Archives: editing

I Can’t Afford an Editor

I Can’t Afford an Editor.”   

I hear this claim in every class I teach or writer’s group I attend. The complaint hides two fears: bloody red ink on your manuscript and the idea that a supposed, expert stranger will tell you what to write. The cost is a factor but it is not the factor. 

 

To allay your fears and minimize the cost know that editing is an iterative, not a one and done process. What do I mean?

  • Only you can write your 1st draft. Introducing an editor at this phase is a form of creative suicide;
  • Create a full draft, celebrate, and self-edit after you take the following steps:
    • Celebrate your accomplishment
    • Allow the text to marinate in a safe inaccessible place for 2-6 weeks
    • Read the full manuscript as a reader, not a writer
      • Understand that you can never be a fully objective reader
    • Return to the text to read as a self-editor
      • Is the point of view consistent?
      • Are there adequate transitions?
      • Have you used enough dialogue to move the action forward?
      • Is the pace and tone in keeping with the genre?
      • Did you use the five senses as tools to show not tell your story?
  • Use your self-edits to write a second draft.
    • Be amazed by how you have improved the text
  • Do a copyedit of the second draft, use online tools to help you
    • Spell & grammar checks
    • Grammarly.com
    • Search and replace tools
  • Ask other writers to act as beta readers:
    • Specify what you want from readers
    • Specify the desired turn around time
      • Be sure the anticipated return is reasonable for the length of the manuscript
      • Don’t resent a no response, timing is everything
      • Be willing to reciprocate
  • Read through the provided edits with care
    • Consider every comment and use those that resonate to complete your third draft

Presuming that you’ve made edits to the manuscript based on reader feedback, re-read the text with the above-bulleted self-edit questions in mind, performed a second tools scan, and made all changes you can identify you will have a completed third draft and you haven’t spent a cent. Congratulations!

Time to hire an editor.

How do you find the right editor?

See you next post. Happy writing.

 

 

 

                         

 

 

The Bogeymen in the Closets of Writers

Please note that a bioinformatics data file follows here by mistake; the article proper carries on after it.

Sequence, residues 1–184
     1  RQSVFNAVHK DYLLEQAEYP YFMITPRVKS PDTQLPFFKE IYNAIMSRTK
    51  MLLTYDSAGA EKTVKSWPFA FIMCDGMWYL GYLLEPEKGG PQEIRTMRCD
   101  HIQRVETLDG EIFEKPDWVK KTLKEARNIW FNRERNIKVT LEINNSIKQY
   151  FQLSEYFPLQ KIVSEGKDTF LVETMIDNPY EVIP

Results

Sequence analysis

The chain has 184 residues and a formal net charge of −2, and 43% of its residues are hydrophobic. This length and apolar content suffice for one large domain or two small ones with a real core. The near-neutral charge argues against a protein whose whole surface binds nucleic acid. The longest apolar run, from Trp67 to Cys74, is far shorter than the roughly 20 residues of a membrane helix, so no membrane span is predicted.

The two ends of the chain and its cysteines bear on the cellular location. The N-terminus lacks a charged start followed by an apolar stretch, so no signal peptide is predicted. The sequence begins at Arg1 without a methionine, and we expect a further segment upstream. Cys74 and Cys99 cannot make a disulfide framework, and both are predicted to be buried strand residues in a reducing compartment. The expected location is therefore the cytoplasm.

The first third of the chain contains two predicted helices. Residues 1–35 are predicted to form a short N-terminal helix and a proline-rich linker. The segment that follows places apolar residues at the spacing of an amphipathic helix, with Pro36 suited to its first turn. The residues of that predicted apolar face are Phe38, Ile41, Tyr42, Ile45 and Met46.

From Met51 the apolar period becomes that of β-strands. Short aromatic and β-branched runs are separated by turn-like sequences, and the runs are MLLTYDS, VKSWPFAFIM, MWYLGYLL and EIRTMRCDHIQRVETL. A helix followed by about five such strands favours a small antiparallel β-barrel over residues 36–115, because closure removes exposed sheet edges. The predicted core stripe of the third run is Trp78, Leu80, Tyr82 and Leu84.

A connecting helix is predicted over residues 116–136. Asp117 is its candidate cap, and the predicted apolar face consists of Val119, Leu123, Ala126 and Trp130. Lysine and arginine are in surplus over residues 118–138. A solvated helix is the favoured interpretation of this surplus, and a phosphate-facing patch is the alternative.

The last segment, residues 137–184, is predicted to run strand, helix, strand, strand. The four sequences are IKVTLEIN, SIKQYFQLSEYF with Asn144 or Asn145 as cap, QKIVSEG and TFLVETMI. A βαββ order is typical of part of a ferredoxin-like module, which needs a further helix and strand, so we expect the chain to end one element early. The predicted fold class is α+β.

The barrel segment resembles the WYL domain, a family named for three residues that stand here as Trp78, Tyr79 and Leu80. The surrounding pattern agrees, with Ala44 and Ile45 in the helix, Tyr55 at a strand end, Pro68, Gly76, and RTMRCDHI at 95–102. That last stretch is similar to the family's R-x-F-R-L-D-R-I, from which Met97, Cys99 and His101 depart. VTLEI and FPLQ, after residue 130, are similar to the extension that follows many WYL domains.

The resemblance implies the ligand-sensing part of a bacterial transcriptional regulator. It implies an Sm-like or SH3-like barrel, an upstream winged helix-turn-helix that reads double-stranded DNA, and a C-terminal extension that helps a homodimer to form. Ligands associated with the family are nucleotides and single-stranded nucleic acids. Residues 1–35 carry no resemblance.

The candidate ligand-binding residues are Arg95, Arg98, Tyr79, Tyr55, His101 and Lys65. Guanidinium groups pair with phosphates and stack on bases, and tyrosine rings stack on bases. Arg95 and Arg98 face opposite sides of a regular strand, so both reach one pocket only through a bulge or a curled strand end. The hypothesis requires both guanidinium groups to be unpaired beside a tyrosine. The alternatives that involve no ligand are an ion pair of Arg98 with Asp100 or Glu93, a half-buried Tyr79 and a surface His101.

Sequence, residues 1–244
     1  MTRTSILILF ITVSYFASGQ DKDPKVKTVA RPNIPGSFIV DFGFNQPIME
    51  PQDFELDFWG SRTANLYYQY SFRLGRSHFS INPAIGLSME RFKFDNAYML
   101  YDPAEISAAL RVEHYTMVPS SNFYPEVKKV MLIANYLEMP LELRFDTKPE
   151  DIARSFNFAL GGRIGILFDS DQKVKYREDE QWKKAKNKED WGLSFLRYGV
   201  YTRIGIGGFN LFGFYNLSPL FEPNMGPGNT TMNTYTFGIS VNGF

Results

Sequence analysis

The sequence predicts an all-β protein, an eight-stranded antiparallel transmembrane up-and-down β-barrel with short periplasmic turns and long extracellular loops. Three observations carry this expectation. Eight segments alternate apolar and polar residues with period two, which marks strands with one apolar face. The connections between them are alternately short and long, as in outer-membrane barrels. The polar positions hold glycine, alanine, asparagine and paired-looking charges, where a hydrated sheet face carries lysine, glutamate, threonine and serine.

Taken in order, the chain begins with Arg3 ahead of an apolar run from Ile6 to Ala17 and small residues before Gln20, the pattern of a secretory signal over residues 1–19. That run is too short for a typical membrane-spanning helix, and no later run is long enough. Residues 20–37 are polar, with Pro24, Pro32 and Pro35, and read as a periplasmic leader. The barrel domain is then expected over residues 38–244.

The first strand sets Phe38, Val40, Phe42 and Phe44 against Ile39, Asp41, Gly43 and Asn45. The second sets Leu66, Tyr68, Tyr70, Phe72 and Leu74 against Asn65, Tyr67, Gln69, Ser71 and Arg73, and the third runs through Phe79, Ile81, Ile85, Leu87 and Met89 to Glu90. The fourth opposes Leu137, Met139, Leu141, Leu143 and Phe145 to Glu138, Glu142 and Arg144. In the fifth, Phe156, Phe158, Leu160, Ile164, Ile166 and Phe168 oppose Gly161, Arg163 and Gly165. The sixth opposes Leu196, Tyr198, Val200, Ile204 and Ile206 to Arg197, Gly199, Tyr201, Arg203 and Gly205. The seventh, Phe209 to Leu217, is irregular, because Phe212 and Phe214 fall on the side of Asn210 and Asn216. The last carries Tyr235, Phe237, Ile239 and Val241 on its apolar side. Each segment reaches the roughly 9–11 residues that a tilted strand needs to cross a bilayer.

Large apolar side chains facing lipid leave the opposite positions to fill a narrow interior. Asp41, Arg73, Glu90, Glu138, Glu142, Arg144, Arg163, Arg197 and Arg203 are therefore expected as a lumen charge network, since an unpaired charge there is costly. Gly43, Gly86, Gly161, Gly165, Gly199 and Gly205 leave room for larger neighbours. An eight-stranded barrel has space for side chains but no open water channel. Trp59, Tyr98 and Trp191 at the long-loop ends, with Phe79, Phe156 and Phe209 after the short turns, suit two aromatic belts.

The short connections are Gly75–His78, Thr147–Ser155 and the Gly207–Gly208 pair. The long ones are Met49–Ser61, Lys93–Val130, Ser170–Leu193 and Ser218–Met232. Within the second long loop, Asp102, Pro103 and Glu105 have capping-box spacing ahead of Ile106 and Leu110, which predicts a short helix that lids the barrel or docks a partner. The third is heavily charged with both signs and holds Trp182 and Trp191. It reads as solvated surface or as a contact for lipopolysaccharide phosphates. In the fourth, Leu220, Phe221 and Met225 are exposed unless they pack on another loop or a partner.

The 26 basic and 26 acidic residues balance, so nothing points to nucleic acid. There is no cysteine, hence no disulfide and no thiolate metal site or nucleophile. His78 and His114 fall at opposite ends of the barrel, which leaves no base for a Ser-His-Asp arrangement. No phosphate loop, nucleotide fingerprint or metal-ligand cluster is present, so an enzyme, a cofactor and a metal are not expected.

As writers,  there are two boogie men in our closets. The first is our internal editor, the voice that criticizes as we write. For most of us, that voice is reminiscent of the first teacher to grade our writing. I’ve yet to meet a writer who doesn’t shudder at red comments splattered across a manuscript. There is a place for that voice but it isn’t during the writing process. What do I mean by the writing process? In this instance think of it as your draft. The draft is the no rules – free zone, with one exception: page layout.

Page layout is not the time to be creative. If you plan to submit your work, set up page layout to meet publishing standards: one-inch margins, top, bottom, left and right, Times New Roman font at 12 pitch and one-tab return at the beginning of each paragraph.

Start Writing.

Really? Yes. Let the words come without judgment. Allow yourself to push your boundaries to achieve story. Write until you hit a wall or paint your characters into a corner. Step away to clear your head. Come back when you’ve recharged. Don’t need recharging have your character make a sandwich, stare in a mirror or make a call. Nanowrimo refers to this trick as a plot ninja.  Move the action move the story.

Image result for sue grafton writing yourself into a corner quote

 

Write and write and write without your internal editor. Write when your stomach churns or your chest tightens. Both are signs that the current writing makes you uncomfortable. A hard truth to accept is that your best writing comes when you are vulnerable. Surprise yourself and your reader.

Stay tuned, next time we let your editor out of the closet and put her to work.

 

 

 

 

© 2018 Lee Heffner – Author